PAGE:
the year books and statutes from the same sources. Original edi-
tions, almost worth their weight in gold, of Irish, Australian, English
and Scotch reports are a priceless acquisition, while the latest and
most comprehensive text books stand ready to yield up their lore
to the student desiring to acquire thorough, practical knowledge of
the tenets of his profession.

This splendid collection of legal lore is handsomely ensconced
in four rooms on the third floor of the new courthouse, under the
care of the very efficient librarian, Mr. Daniel W. Iddings, who,
since the day of his appointment, January 2, 1899, has devoted both
time and interest to the work intrusted to him. Since the incumb-
ency of Mr. Iddings, the membership of the association has about
doubled in numbers, and the well-stocked shelves are silent witnesses
to the growth of the library from 5,640 volumes in January, 1899,
to its present enumeration of 16,443 tomes. And so wise has been
the selection of books by Mr. Iddings, that the library has been
pronounced the freest from worthless literature of any law library
in the State of Ohio. An additional room, now in course of prepara-
tion, will soon relieve the somewhat plethoric condition of the
shelves, and new steel book cases will be security against both
human and insect invaders. The present governing officers of the
Dayton Law Library Association are the Hon. J. A. McMahon,
president; the Hon. O. B. Brown, vice-president; the Hon. J. W.
Kritzer, treasurer ; Mr. D. W. Iddings, secretary and librarian ; ad-
ditional trustees, the Hon. E. P. Matthews, the Hon. R. R. Nevin,
and Mr. E. H. Turner.


The Edmond Stafford Young Law Library, One of the most
highly regarded names connected with the legal fraternity of Mont-
gomery county, is that of Edmond Stafford Young, one of the in-
corporators of the Dayton Bar Association, who, for many years,
was a leading attorney in the city of Dayton. After his death, in
loving memory of his work and influence, his sons George R. Young
and William H. Young, in the year 1912, took upon themselves the
founding of a library in connection with the Dayton Law Library,
to be known as The Edmond Stafford Young Library, the collection
to consist of the most valuable legal literature. Mr. George R.
Young's death occurred several years ago, but his brother, Mr.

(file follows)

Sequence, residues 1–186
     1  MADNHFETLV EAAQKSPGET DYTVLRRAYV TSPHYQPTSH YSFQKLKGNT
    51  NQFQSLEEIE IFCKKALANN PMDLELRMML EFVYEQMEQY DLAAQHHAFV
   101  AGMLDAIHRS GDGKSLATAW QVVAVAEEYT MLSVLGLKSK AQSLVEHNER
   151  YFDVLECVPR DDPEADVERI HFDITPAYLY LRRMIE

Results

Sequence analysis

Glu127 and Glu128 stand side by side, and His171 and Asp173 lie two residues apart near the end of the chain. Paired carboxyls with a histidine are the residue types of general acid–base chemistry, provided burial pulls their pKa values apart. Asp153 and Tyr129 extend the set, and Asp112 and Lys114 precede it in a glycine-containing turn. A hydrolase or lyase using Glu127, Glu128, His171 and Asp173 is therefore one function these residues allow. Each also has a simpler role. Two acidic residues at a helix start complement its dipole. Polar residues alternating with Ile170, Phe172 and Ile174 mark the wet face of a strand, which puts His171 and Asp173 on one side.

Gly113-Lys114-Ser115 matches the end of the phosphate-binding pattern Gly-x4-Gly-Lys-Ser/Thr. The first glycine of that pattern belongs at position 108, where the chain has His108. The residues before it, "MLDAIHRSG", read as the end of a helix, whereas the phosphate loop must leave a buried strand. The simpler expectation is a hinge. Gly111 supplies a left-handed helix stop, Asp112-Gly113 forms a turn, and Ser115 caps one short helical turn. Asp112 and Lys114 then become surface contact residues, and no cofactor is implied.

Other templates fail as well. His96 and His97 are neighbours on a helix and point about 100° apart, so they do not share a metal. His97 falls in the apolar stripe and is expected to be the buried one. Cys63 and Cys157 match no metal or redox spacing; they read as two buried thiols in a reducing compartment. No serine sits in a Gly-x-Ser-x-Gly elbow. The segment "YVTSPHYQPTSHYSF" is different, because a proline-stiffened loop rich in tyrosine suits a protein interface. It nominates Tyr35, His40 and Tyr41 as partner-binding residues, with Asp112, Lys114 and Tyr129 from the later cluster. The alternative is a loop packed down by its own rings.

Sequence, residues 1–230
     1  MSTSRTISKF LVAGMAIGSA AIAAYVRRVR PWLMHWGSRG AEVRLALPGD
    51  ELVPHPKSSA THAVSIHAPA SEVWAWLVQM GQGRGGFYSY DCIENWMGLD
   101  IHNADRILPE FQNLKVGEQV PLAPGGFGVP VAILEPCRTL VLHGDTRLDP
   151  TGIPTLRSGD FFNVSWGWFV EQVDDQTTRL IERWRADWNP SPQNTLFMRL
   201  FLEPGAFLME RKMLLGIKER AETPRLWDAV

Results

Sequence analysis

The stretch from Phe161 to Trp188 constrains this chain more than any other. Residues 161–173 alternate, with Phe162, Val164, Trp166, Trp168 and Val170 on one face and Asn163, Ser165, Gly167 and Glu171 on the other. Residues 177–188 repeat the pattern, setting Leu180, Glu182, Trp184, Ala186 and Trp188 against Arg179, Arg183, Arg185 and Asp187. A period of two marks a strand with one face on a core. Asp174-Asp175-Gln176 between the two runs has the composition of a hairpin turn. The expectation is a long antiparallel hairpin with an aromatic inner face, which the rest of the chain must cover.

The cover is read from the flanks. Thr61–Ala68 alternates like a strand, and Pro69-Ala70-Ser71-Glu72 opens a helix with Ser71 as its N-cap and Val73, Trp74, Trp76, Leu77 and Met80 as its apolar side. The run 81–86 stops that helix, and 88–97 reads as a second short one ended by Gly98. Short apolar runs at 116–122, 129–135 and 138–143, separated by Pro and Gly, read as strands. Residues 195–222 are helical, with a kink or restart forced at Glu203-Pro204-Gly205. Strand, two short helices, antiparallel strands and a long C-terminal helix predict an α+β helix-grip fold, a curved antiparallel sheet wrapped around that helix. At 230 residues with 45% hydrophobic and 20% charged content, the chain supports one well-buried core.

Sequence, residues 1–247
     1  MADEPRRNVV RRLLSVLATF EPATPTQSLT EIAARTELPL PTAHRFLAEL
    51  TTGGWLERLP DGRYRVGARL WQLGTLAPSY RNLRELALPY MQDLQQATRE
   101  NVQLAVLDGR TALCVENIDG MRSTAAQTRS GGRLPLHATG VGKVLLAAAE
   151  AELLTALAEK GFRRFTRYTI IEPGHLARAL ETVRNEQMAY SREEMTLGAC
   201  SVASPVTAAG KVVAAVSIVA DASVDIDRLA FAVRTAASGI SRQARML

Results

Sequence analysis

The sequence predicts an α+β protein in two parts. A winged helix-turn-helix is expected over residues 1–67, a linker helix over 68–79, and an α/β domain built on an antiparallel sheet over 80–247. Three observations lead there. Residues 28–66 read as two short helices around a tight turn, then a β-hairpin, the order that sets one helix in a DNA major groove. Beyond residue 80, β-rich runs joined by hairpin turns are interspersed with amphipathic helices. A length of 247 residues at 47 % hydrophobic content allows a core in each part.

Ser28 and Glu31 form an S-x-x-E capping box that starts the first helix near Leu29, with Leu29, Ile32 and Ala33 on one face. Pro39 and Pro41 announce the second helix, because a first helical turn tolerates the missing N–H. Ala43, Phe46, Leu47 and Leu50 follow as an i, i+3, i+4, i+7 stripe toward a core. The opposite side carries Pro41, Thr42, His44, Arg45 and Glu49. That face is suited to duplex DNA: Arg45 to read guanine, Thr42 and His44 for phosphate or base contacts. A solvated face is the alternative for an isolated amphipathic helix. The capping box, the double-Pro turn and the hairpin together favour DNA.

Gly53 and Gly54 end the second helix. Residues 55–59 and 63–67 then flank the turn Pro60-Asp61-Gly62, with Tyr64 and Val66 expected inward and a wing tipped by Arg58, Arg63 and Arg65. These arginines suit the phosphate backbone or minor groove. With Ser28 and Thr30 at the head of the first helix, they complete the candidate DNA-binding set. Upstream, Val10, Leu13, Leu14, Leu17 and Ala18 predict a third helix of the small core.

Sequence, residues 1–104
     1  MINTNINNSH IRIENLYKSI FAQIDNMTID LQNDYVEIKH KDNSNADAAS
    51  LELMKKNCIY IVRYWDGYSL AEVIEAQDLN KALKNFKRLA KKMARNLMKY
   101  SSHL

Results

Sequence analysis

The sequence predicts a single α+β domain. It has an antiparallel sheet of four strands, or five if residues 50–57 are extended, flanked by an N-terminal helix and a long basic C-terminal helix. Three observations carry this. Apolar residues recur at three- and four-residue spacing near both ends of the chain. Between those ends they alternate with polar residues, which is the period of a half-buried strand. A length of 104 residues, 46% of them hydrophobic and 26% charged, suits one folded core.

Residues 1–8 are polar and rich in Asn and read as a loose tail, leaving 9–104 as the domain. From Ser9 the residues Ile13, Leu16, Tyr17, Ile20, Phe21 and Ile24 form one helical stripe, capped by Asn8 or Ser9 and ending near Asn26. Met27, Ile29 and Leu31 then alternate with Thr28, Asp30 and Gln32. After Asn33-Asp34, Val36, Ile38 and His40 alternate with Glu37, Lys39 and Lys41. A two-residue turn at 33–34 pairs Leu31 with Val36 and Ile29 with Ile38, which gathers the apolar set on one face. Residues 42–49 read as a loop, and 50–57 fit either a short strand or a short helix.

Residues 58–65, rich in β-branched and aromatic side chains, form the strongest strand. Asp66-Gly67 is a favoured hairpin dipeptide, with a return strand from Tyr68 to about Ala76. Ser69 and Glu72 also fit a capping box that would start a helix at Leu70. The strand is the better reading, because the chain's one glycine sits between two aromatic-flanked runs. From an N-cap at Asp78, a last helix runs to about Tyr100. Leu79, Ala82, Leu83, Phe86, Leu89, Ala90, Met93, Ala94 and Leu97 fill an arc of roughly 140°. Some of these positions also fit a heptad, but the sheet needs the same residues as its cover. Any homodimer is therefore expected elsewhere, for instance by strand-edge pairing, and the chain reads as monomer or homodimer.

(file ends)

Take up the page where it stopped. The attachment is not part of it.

William H. Young, continues the work of affectionate remembrance.
The collection already amounts to nearly six hundred volumes.


The year 1799 saw the entrance into the Miami valley of its
first physician. This was Doctor John Hole of Virginia, who had
seen service in the army during the war of 1776, and who, after
returning to his home in Virginia, came north to Cincinnati where
he started a new practice. Later still he located a few miles south
of Dayton and was for several years the only physician to whom the
widely scattered families of the valley could turn. How primitive
were the times as indicated in the fact that was often paid for his
services in such communities as "leather shoes," "a winter's smok-
ing of tobacco," and venison hams. Dr. Hole died in 1813.

The first doctor to take up residence in Dayton itself was John
Elliott, who arrived before the incorporation of the town. The
year of his coming to Dayton was 1802, and his activity was limited
to a brief seven years, as he died in 1809. In addition to his pro-
fession he was influential in forming the Dayton Social Library
association in 1805, which had the distinction of being the first
library which the state legislature allowed to be incorporated.

The next few years brought several more physicians to the
town, among them Dr. James Welsh in 1804, Dr. William Murphey
in 1805, Drs. Abraham Edwards and Charles Este in 1810. In 1812,
came Dr. John Steele, a graduate of the University of Pennsyl-
vania and the first physician in Dayton to possess a medical degree.
In fact, there were only three medical schools in the whole country
at the time Dayton was settled, and it was some time before medi-
cal degrees were a matter of course. Dr. Steele was a man of broad